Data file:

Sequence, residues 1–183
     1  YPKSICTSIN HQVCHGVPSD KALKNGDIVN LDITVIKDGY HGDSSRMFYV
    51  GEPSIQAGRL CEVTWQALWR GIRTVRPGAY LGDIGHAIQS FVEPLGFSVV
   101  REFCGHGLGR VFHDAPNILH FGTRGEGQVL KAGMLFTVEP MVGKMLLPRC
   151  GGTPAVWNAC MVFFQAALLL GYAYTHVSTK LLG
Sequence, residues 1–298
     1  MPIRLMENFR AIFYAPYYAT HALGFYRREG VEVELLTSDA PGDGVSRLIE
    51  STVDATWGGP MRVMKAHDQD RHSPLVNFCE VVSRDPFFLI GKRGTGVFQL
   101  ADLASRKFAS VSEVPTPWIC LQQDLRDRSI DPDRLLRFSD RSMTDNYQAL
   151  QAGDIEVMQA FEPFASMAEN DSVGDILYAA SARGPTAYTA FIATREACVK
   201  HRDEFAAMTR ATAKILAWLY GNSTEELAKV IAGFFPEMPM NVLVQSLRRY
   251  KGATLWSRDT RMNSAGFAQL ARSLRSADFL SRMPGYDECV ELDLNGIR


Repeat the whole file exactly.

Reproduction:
Sequence, residues 1–183
     1  YPKSICTSIN HQVCHGVPSD KALKNGDIVN LDITVIKDGY HGDSSRMFYV
    51  GEPSIQAGRL CEVTWQALWR GIRTVRPGAY LGDIGHAIQS FVEPLGFSVV
   101  REFCGHGLGR VFHDAPNILH FGTRGEGQVL KAGMLFTVEP MVGKMLLPRC
   151  GGTPAVWNAC MVFFQAALLL GYAYTHVSTK LLG
Sequence, residues 1–298
     1  MPIRLMENFR AIFYAPYYAT HALGFYRREG VEVELLTSDA PGDGVSRLIE
    51  STVDATWGGP MRVMKAHDQD RHSPLVNFCE VVSRDPFFLI GKRGTGVFQL
   101  ADLASRKFAS VSEVPTPWIC LQQDLRDRSI DPDRLLRFSD RSMTDNYQAL
   151  QAGDIEVMQA FEPFASMAEN DSVGDILYAA SARGPTAYTA FIATREACVK
   201  HRDEFAAMTR ATAKILAWLY GNSTEELAKV IAGFFPEMPM NVLVQSLRRY
   251  KGATLWSRDT RMNSAGFAQL ARSLRSADFL SRMPGYDECV ELDLNGIR